Through their Press Room site, ZyLab announces, “Zylab Introduces eDiscovery as a Service.” Billed as a cost-saving alternative to in-house solutions, the new platform allows users to select and pay for only the services they need through a monthly subscription. The press-release tells us:

“ZyLAB today announces that its eDiscovery solutions are now also delivered via the Internet in a software-as-a-service (SaaS) model in EMEA and AP via a managed service provider model. ZyLAB’s eDiscovery as a Service is introduced as the cost-effective alternative for organizations that do not have the time or IT resources to bring an eDiscovery solution in house. …

“With ZyLAB’s eDiscovery as a Service every type of company, in every industry can now easily scope the level of system they require. ZyLAB’s services span the entire Electronic Discovery Reference Model (EDRM) so a company can select the precise services that meet the needs of their current matter. The Service Level Agreement (SLA) will outline those selections and guarantee the availability of the data, ZyLAB’s software, and ongoing maintenance from ZyLAB’s Professional Services consultants.”

We are assured ZyLab’s SaaS solutions are of the same caliber as their on-premises solutions.  This approach can save a lot of time and hassle, especially for companies without a dedicated IT department. The write-up notes there are no long-term contracts or volume constraints involved,

and, of course, no new hardware to buy. If a company is willing to trust their data to a third party’s security measures, this could be a cost-effective way to manage eDiscovery.

Of course, if you were to trust anyone with your sensitive data, ZyLab’s record makes them a good choice. In fact, the company has been supplying eDiscovery and Information Government tech to prominent organizations for over three decades now. Large corporations, government organizations, regulatory agencies, and law firms around the world rely on their eDiscovery platform. The company was founded in 1983, with the release of the first full-text retrieval software for the PC. It’s eDiscovery/ Information Management platform was released in 2010.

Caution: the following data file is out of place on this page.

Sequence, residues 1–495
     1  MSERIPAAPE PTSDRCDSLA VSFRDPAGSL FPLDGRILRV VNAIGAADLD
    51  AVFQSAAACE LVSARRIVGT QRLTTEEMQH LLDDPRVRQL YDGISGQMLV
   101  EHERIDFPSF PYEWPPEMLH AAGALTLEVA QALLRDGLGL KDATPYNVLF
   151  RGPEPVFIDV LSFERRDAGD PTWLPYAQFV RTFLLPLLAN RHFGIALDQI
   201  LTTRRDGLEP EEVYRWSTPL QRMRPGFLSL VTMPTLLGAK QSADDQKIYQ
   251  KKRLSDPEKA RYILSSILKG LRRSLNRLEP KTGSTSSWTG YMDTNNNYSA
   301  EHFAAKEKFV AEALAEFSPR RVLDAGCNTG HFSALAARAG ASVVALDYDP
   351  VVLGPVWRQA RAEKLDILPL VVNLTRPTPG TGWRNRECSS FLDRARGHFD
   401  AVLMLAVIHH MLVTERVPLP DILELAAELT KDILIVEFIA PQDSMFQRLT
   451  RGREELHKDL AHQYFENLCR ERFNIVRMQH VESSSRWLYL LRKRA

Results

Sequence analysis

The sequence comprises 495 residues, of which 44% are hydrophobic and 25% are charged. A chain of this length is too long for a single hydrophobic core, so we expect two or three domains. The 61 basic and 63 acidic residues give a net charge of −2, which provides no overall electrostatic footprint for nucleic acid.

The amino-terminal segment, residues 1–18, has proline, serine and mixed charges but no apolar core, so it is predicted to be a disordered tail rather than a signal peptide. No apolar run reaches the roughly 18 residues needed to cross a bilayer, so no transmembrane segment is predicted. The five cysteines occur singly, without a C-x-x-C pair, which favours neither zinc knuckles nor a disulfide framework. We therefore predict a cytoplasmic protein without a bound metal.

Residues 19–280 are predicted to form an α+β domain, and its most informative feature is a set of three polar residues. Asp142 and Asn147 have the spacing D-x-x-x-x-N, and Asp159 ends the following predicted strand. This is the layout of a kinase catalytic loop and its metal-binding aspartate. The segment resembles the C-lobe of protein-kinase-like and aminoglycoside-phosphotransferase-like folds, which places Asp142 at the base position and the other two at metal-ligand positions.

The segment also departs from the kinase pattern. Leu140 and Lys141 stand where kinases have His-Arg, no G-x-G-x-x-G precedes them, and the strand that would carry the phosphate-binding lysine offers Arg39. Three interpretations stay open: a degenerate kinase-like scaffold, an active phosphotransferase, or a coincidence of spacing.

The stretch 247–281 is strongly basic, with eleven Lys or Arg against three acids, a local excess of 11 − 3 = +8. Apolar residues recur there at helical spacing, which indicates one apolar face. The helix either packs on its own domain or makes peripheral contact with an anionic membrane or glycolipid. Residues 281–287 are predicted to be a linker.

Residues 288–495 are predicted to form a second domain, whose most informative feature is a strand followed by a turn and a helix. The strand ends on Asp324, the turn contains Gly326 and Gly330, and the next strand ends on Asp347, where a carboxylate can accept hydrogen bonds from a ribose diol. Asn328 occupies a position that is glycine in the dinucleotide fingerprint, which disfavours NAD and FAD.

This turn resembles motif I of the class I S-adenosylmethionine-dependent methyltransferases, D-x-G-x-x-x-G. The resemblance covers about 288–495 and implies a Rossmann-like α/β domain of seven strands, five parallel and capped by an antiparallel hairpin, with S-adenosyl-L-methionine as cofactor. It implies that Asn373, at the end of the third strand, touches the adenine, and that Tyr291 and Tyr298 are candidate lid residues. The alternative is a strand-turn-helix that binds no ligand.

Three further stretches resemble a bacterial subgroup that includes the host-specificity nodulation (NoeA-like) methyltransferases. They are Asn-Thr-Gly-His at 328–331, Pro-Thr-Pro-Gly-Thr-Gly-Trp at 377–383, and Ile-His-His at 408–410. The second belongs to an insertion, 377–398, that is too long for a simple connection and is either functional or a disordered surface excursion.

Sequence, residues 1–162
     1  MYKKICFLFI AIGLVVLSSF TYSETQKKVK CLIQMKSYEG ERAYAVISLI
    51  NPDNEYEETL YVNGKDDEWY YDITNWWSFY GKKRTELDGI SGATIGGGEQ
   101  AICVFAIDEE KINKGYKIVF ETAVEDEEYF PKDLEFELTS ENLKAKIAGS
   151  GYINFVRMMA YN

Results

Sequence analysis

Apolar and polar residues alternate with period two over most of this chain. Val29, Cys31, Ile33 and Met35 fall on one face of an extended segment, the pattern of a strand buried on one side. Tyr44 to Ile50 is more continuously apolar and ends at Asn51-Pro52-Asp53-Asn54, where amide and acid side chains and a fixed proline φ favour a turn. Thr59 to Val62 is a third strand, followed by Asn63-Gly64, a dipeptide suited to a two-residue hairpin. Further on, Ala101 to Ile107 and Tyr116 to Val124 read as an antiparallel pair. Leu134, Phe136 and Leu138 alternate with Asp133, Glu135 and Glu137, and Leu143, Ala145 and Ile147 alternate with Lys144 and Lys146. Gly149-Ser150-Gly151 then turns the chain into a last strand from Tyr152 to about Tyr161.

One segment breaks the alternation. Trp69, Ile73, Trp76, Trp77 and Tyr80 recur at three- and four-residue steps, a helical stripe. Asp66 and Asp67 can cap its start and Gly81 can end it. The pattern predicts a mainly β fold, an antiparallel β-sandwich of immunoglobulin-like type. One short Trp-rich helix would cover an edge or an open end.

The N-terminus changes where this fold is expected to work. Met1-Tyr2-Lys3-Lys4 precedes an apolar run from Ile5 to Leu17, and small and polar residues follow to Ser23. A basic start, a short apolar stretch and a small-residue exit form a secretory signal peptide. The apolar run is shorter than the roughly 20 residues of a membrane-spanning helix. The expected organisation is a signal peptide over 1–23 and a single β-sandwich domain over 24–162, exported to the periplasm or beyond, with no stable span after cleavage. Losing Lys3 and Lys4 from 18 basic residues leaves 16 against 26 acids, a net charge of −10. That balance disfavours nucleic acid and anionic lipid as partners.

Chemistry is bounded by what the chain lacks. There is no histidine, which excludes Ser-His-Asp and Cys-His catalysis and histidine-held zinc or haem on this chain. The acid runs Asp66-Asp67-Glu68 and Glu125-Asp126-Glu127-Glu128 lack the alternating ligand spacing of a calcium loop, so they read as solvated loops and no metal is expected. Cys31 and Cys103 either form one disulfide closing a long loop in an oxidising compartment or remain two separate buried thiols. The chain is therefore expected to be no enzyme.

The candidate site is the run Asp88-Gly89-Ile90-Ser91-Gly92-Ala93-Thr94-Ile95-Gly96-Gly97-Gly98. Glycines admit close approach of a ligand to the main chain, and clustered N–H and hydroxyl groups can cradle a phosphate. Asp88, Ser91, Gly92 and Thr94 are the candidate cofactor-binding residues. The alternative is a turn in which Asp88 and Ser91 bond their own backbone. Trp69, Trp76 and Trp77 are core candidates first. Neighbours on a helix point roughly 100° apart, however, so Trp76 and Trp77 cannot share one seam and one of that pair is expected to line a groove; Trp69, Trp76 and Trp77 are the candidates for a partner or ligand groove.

Cynthia Murrell, June 23, 2016

Sponsored by, publisher of the CyberOSINT monograph


The Paradox of Marketing and Anonymity

June 22, 2016

While Dark Web users understand the perks of anonymity, especially for those those involved with illicit activity, consistency in maintaining that anonymity appears to be challenging. published an article that showcases how one drug dealer revealed his identity while trying to promote his brand: Drug dealer busted after trying to trademark his dark web username. David Ryan Burchard of Merced, California reportedly made $1.25 million by selling marijuana and cocaine on the Dark Web before he trademarked the username he used to sell drugs, “caliconnect”. The article summarizes,

“He started out on Silk Road and moved on to other shady marketplaces in the wake of its highly-publicized shutdown. Burchard wound up on Homeland Security’s list of top sellers, though they were having trouble establishing a rock-solid connection between him and his online persona. They knew that Burchard was accumulating a large Bitcoin stash and that there didn’t appear to be a legitimate source. Then, finally, investigators got the break they were looking for. It seems that Burchard decided that his personal brand was worth protecting, and he filed paperwork to trademark “caliconnect.””

Whether this points to the proclivity of human nature to self-promote or the egoism of one person in a specific situation, it seems that all covering the story are drawing attention to this foiling move as a preventable mistake on Burchard’s part. Look no farther than the title of a recent Motherboard article: Pro-Tip: If You’re a Suspected Dark Web Drug Dealer, Don’t Trademark Your #Brand. The nature of promotions and marketing on the Dark Web will be an interesting area to see unfold.


Megan Feil, June 22, 2016

Sponsored by, publisher of the CyberOSINT monograph